This chapter analyses the activism of African-American civil rights lawyer, Randall Robinson, who used the TransAfrica Forum to wage the anti-apartheid struggle in the US in the 1970s and 1980s (pushing for economic and other sanctions), as well as to oppose military rule and to restore democracy in Haiti in the early 1990s.
This book is an open-ended critical account of the Gawain-poems. The four poems of MS Cotton Nero A.x, Art. 3 are untitled in the manuscript, but titled by modern editors, in manuscript order: Pearl, Cleanness (or Purity), Patience, and Sir Gawain and the Green Knight. The poems testify that he was cultivated, with an appreciation of the finer points of chivalric life, and also deeply religious - a cleric, no doubt, given his biblical knowledge, his interest in Christian doctrine, and his understanding of sermon style. Pearl is a religious dream-vision in which the dream is largely taken up by dialogue between the narrator or dreamer, as a figure in his dream, and a woman who is a fount of divine wisdom. Cleanness combines discussion of a religious virtue with retelling of stories from the Bible. Its three main stories are from the Old Testament, and they centre on Noah, Sodom and Gomorrah, and Belshazzar's feast. Patience is a poem that combines discussion of a moral quality with biblical narrative, in the case of Patience, one narrative only, the story of Jonah.Sir Gawain is a record of, and tribute to, the beauties and pleasures of chivalric life. Pearl, Cleanness, and Patience suggest that for the poet national events may have merged with events in his own life to challenge his faith. With Gawain too it is possible that the public and the personal intermingle to shake his faith in chivalry and the feudal model of social order.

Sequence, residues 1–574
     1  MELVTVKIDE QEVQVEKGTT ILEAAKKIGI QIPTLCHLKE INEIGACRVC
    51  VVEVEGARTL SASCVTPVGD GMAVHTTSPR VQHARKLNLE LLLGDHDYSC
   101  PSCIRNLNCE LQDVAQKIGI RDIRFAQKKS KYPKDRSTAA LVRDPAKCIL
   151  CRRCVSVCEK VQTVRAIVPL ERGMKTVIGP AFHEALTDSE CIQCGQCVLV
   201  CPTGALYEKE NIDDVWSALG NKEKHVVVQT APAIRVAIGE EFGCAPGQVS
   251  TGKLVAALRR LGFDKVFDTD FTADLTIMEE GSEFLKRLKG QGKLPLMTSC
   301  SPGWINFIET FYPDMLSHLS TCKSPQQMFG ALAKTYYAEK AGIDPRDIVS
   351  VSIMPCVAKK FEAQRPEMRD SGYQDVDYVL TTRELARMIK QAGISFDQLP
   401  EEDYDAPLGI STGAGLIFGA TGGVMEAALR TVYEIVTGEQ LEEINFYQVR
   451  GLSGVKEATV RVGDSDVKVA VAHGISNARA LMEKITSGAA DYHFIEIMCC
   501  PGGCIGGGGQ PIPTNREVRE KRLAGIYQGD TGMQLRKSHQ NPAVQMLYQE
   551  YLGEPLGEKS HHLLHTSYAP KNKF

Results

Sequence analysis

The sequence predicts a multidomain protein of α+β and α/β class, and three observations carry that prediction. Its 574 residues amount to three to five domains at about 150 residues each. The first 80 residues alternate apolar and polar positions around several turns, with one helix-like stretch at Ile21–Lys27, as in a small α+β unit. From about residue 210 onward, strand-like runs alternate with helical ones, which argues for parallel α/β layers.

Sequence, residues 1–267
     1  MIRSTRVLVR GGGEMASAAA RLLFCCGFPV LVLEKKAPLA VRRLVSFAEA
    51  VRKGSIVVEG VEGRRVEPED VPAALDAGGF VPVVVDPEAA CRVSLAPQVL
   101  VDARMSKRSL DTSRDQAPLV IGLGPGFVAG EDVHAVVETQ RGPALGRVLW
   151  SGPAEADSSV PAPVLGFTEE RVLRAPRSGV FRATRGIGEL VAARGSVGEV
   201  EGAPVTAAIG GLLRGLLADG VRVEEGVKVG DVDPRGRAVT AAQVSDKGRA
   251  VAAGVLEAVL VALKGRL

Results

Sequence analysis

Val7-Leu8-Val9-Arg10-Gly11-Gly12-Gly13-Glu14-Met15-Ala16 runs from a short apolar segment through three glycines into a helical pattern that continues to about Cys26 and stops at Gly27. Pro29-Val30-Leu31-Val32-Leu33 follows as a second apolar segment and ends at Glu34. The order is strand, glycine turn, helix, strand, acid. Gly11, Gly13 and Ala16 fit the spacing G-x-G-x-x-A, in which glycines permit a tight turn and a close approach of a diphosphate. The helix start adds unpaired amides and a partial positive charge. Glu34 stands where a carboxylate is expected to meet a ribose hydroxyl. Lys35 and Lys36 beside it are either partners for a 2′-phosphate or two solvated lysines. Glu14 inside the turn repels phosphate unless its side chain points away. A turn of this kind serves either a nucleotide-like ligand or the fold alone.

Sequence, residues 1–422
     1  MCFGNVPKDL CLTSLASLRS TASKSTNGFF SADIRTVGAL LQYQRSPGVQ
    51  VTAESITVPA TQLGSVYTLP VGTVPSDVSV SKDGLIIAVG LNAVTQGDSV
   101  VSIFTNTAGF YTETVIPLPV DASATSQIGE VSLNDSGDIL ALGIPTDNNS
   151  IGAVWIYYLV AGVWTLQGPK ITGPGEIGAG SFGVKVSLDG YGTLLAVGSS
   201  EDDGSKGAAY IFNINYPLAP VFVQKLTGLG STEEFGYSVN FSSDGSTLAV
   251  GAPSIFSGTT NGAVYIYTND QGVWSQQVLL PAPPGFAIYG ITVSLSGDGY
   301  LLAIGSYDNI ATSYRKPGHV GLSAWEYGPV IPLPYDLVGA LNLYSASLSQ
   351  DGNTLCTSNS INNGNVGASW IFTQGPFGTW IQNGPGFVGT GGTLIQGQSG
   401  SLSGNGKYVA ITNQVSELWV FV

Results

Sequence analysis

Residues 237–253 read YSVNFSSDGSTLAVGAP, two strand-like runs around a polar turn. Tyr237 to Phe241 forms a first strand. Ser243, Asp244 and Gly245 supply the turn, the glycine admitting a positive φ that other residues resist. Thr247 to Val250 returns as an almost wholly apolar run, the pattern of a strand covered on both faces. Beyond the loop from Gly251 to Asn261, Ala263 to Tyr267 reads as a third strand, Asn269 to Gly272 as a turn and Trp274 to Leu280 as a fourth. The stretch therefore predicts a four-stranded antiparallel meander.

This book is about the public language of the 'war on terrorism' and the way in which language has been deployed to justify and normalise a global campaign of counter-terrorism. It explains how the war on terrorism has been reproduced and amplified by key social actors and how it has become the dominant political narrative in America today, enjoying widespread bipartisan and popular support. The book also explains why the language of politics is so important and the main methodological approach for analysing the language of counter-terrorism, namely, critical discourse analysis. Then, it provides the comparison drawn between the September 11, 2001 attacks and World War II and the attack on Pearl Harbor. One of the most noticeable aspects of the language surrounding the attacks of September 11, 2001 is its constant reference to tragedy, grievance and the exceptional suffering of the American people. The book focuses on the way in which language was deployed to construct the main identities of the protagonists. It demonstrates how terrorism is rhetorically constructed as posing a catastrophic threat to the American 'way of life', to freedom, liberty and democracy and even to civilisation itself. The book analyses how the administration's counter-terrorism campaign has been rhetorically constructed as an essentially 'good' and 'just war', similar to America's role in World War II. Finally, the book concludes that responsible citizens have a moral duty to oppose and resist the official language of counter-terrorism.